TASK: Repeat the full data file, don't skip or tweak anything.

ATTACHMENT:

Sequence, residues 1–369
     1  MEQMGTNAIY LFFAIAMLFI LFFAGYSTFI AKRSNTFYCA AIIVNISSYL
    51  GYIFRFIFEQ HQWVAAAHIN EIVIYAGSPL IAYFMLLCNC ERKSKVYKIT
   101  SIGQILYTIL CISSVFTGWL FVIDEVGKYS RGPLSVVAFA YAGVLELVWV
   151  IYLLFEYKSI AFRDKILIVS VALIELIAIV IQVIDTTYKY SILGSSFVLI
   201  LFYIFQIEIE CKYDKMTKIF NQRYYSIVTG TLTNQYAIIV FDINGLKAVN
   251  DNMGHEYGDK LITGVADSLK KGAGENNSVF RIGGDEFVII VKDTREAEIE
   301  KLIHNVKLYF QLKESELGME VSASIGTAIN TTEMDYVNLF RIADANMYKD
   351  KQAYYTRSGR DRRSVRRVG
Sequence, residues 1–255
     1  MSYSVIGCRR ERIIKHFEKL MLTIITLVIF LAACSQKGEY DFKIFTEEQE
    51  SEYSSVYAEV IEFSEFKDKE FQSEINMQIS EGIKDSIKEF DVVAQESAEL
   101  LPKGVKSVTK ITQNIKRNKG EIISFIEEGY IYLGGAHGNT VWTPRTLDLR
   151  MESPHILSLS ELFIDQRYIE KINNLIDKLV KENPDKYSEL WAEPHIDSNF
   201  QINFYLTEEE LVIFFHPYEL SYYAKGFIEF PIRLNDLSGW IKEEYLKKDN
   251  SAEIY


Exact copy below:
Sequence, residues 1–369
     1  MEQMGTNAIY LFFAIAMLFI LFFAGYSTFI AKRSNTFYCA AIIVNISSYL
    51  GYIFRFIFEQ HQWVAAAHIN EIVIYAGSPL IAYFMLLCNC ERKSKVYKIT
   101  SIGQILYTIL CISSVFTGWL FVIDEVGKYS RGPLSVVAFA YAGVLELVWV
   151  IYLLFEYKSI AFRDKILIVS VALIELIAIV IQVIDTTYKY SILGSSFVLI
   201  LFYIFQIEIE CKYDKMTKIF NQRYYSIVTG TLTNQYAIIV FDINGLKAVN
   251  DNMGHEYGDK LITGVADSLK KGAGENNSVF RIGGDEFVII VKDTREAEIE
   301  KLIHNVKLYF QLKESELGME VSASIGTAIN TTEMDYVNLF RIADANMYKD
   351  KQAYYTRSGR DRRSVRRVG
Sequence, residues 1–255
     1  MSYSVIGCRR ERIIKHFEKL MLTIITLVIF LAACSQKGEY DFKIFTEEQE
    51  SEYSSVYAEV IEFSEFKDKE FQSEINMQIS EGIKDSIKEF DVVAQESAEL
   101  LPKGVKSVTK ITQNIKRNKG EIISFIEEGY IYLGGAHGNT VWTPRTLDLR
   151  MESPHILSLS ELFIDQRYIE KINNLIDKLV KENPDKYSEL WAEPHIDSNF
   201  QINFYLTEEE LVIFFHPYEL SYYAKGFIEF PIRLNDLSGW IKEEYLKKDN
   251  SAEIY